With free agency looming, it's entirely possible that the Buffalo Bills have decided to change the face of their safety rotation -- and quite drastically at that.
General manager Doug Whaley announced Monday that the Bills would not place the franchise tag on free safety Jairus Byrd for the second straight season, meaning that if the player and the team can't come to an agreement by Monday, March 11, Byrd might be the most highly-prized player on the open market.
And on Wednesday, the Bills announced that they had signed strong safety Aaron Williams to a four-year, $26 million contract extension with $14.625 million guaranteed and a $6.5 million signing bonus. It's not automatic that Williams' new deal precludes Buffalo from getting Byrd back in the fold as well, but the Bills may want to see how Williams can perform in Byrd's old center-field role.
“Aaron Williams is a versatile player who has grown into a key playmaker for our defense in recent years,” Whaley said in a statement. “He had an extremely productive season for our defense in 2013. Aaron is the type of young, core player we targeted early in the process to retain for years to come, and this will be our philosophy moving forward. By building on his improved play in 2013, we expect Aaron to continue to grow into a key contributor for the Bills organization.”
Selected in the second round of the 2011 draft, Williams played left and right cornerback in his first two NFL seasons and switched to strong safety for 12 of a possible 14 games (cornerback in Weeks 4 and 5) last year before he was placed on injured reserve on Dec. 27. In 2013, Williams picked off four passes, had 11 passes defensed, amassed 82 total tackles and allowed two touchdowns in coverage. He also graded out as Pro Football Focus' 13th-best safety against the run.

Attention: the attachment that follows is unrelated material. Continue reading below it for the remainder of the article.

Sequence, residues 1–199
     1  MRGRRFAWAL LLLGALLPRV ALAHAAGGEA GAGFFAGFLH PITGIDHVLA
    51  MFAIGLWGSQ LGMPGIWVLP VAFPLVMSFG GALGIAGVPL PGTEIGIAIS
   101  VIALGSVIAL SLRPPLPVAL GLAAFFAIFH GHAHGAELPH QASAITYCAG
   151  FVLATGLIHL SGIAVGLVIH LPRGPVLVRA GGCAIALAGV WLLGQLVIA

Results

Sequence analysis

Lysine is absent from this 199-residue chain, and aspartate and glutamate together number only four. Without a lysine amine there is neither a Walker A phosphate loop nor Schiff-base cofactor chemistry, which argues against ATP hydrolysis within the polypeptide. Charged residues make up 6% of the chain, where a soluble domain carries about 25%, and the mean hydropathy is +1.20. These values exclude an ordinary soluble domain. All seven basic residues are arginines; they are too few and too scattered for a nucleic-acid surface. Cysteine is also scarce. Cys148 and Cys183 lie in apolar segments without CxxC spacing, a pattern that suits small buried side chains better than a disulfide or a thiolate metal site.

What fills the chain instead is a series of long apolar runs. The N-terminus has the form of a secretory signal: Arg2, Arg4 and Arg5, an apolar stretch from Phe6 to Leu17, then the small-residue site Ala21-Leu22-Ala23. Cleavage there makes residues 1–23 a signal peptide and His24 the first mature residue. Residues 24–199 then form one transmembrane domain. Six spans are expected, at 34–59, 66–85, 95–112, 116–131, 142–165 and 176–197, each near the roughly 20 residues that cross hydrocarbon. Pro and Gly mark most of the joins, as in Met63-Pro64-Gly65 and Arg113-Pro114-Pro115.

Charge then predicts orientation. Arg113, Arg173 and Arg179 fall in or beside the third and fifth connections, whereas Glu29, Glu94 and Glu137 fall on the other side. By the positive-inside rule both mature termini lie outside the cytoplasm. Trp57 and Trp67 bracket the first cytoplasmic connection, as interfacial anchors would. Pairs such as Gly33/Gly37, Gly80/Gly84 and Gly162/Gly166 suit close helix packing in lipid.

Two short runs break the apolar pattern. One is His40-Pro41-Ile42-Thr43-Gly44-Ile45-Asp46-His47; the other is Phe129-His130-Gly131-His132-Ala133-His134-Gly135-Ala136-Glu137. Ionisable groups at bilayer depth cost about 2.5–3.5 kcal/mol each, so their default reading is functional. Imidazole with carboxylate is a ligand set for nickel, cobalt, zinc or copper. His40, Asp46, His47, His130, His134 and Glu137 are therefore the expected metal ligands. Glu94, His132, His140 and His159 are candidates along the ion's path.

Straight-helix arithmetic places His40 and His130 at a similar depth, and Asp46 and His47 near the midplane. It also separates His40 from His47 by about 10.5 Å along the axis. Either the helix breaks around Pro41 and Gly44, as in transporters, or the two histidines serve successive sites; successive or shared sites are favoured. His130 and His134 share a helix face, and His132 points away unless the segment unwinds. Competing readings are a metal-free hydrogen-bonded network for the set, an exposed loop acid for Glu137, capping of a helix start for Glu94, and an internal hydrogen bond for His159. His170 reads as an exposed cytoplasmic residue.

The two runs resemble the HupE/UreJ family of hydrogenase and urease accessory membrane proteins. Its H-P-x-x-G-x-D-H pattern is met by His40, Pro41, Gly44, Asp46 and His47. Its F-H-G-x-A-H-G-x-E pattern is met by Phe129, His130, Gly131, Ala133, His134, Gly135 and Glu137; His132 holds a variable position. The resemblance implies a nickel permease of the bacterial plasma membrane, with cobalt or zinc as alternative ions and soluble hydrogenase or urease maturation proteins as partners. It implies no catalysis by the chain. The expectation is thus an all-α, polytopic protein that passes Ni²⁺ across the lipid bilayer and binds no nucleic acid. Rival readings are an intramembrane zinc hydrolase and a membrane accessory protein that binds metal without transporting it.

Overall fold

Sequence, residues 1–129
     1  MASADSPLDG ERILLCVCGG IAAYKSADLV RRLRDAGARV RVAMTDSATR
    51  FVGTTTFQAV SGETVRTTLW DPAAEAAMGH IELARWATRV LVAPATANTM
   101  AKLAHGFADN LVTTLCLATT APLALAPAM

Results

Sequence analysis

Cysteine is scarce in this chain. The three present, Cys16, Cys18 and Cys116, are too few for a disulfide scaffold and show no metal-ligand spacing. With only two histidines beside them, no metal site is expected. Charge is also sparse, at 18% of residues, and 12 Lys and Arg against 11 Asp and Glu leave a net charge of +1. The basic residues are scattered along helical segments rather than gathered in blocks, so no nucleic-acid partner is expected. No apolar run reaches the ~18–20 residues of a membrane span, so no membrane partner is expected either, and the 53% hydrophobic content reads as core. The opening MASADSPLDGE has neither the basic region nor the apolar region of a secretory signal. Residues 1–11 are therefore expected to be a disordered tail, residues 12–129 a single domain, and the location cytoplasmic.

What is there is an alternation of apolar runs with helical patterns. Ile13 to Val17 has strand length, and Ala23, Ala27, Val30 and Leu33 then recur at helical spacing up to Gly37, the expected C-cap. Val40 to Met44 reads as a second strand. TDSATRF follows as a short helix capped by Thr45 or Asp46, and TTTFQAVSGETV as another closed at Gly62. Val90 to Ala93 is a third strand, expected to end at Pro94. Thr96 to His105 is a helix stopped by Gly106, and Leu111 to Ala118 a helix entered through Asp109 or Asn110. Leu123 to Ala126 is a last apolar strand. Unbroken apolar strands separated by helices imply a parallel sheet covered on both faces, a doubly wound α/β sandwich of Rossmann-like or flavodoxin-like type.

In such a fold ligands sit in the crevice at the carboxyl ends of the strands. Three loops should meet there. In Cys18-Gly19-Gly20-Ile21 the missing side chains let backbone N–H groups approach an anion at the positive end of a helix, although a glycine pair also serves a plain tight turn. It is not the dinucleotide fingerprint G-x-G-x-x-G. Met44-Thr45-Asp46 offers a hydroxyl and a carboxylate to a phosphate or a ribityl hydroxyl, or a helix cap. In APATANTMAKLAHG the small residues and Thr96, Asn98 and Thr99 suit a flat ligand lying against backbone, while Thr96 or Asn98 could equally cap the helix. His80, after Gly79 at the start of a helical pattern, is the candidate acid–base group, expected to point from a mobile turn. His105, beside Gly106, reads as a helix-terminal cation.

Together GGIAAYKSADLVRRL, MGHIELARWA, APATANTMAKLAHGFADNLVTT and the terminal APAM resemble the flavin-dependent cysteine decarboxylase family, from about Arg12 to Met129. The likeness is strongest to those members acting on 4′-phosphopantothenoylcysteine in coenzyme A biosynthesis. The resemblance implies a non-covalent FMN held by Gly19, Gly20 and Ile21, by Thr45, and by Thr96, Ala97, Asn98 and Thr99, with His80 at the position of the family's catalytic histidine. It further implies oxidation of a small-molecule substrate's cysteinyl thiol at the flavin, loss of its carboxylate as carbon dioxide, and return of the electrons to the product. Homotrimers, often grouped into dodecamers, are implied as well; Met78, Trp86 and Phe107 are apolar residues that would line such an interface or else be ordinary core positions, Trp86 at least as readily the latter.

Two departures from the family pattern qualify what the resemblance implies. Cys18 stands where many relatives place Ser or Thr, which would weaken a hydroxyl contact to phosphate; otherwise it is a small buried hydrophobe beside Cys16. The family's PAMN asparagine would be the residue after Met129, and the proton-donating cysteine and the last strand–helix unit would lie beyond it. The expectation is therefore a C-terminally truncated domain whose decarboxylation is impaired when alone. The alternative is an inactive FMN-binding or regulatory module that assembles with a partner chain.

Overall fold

"Moving to safety wasn’t a huge change," Williams recalled during his press conference Wednesday. "The only change you have is just more responsibility of play calling. I keep saying when you’re at corner you don’t really have a responsibility of knowing what everyone is doing. You’re out there on an island, man to man the whole time. Coming to safety I do feel comfortable out there. I like being in control and making sure everybody is in the same position and the right position. Putting people in position to make plays. It’s being back there as a quarterback and it’s something I grasped in the last season, and Jairus taught me a lot in how to control the defense and how guys can trust me to put them in the right position. Moving to safety is probably one of the best things to happen in my career."
Williams wasn't sure how his signing would affect the Bills' pursuit of Byrd.
"If Jairus does come back, that would be the greatest thing ever because our chemistry is unbelievable," he said. "I said it at the end of last season that we can look at each other and not even talk and know what we are talking about. If he doesn’t come back, good luck to him. We’re always going to be best friends. The business side is never going to change our relationship outside of football. We just have to move on and find another piece to try to replace his role and whatever we’ve got to do I know Russ and the office upstairs is going to have a game plan for that to happen."
Whaley seemed more definitive when asked Monday about replacing Byrd, who ranks right up there as one of the league's best cover safeties.
“I have complete confidence, not only in everybody in this organization that has given us the resources and the backing, but also our scouting staff, that if we are unfortunate enough to lose Jairus Byrd, we found him [and] we’ll be confident that we can get a replacement, if we don’t already have one on campus.”